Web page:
Wordsworth wrote an endless poem in blank verse on” the growth of a poet’s mind.” I shall attempt a more modest feat for a more distracted age: a blog, “Things which a Lifetime of Trying to Be a Poet has Taught Me.”
In “Expostulation and Reply” and “The Tables Turned,” Wordsworth defends his practice of mooning around the Lake Country waiting for inspiration against those who think he ought to be doing something more edifying, like reading a book. Nature, he claims, is a superior teacher. “One impulse from a vernal wood / Can teach me more of man, / Of moral evil and of good, / Than all the sages can.”
A REJOINDER TO MR. WORDSWORTH
“Will” bids us Nature’s students be
And treats book learning with contempt.
We wonder if his poetry
From this fine maxim is exempt?
I think that what we learn from her
Of moral good and ill is fine;
But after all, I must aver,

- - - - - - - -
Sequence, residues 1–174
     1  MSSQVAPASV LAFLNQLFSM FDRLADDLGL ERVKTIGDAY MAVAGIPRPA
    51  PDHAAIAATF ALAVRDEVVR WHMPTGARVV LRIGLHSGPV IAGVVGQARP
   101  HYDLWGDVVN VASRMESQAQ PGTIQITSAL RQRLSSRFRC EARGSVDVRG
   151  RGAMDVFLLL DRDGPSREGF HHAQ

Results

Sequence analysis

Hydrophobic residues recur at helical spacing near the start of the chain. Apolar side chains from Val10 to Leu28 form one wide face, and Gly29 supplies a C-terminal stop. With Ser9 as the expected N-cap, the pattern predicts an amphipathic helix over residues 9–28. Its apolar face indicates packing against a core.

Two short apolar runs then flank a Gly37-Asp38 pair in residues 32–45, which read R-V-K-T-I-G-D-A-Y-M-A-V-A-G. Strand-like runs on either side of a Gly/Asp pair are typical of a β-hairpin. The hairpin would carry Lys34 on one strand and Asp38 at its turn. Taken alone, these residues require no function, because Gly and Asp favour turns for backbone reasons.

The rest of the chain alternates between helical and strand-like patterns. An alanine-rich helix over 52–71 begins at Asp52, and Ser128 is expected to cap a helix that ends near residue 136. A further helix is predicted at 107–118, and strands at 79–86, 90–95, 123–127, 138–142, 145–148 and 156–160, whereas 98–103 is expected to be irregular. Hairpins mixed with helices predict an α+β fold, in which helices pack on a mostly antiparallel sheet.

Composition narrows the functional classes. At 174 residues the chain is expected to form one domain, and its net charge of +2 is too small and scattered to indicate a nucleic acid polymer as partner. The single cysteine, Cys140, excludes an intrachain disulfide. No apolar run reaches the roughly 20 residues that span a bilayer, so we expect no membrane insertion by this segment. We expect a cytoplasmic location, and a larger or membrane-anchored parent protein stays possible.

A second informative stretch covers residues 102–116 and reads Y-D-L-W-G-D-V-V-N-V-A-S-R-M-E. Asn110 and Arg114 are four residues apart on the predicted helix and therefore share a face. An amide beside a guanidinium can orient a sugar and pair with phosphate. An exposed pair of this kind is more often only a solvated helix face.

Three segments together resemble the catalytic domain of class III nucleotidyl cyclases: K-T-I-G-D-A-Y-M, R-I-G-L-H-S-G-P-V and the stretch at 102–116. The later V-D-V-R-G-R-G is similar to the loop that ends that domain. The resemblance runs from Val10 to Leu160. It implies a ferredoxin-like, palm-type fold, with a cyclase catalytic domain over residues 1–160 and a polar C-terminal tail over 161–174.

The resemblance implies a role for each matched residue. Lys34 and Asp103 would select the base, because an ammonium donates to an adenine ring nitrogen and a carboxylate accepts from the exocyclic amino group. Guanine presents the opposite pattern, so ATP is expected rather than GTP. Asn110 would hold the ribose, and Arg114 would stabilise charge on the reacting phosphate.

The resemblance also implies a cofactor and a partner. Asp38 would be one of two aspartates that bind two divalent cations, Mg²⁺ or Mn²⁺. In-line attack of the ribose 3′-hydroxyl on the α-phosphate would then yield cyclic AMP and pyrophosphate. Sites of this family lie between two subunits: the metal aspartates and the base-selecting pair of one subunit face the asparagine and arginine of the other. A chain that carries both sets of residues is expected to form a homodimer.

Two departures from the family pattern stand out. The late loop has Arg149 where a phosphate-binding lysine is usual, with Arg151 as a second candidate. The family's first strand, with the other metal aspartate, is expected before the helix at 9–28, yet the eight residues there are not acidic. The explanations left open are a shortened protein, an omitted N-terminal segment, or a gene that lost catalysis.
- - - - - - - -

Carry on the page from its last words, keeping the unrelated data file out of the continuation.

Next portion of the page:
It’s Man that has a mind!
And God supremely, who doth teach
Truth absolute in Holy Books,
In number sixty-six, and each
A guide to help us look
At Nature’s pages, there to see
Aright and not be sore confused.
For Arrogance, who tries to be
His own guide, is with ease abused.
I do not seek to minimize
That which from Nature we can know;
I only wish to emphasize
We cannot hope to learn it so.
An impulse from a vernal wood
Could never do me half the good
Without long, careful, studious looks
Between the pages of my books.
Nature does not and cannot teach positive moral content. Look at her from one angle and she is our benevolent mother; from another and she is red in tooth and claw. What she can provide is a metaphorical language that gives meaning to our concepts. That is a great gift. So we need the Library Carrel and the Lake Country to be whole men and women.
Remember: for more poetry like this, go to https://www.createspace.com/3562314 and order Stars Through the Clouds!
Donald T. Williams, PhD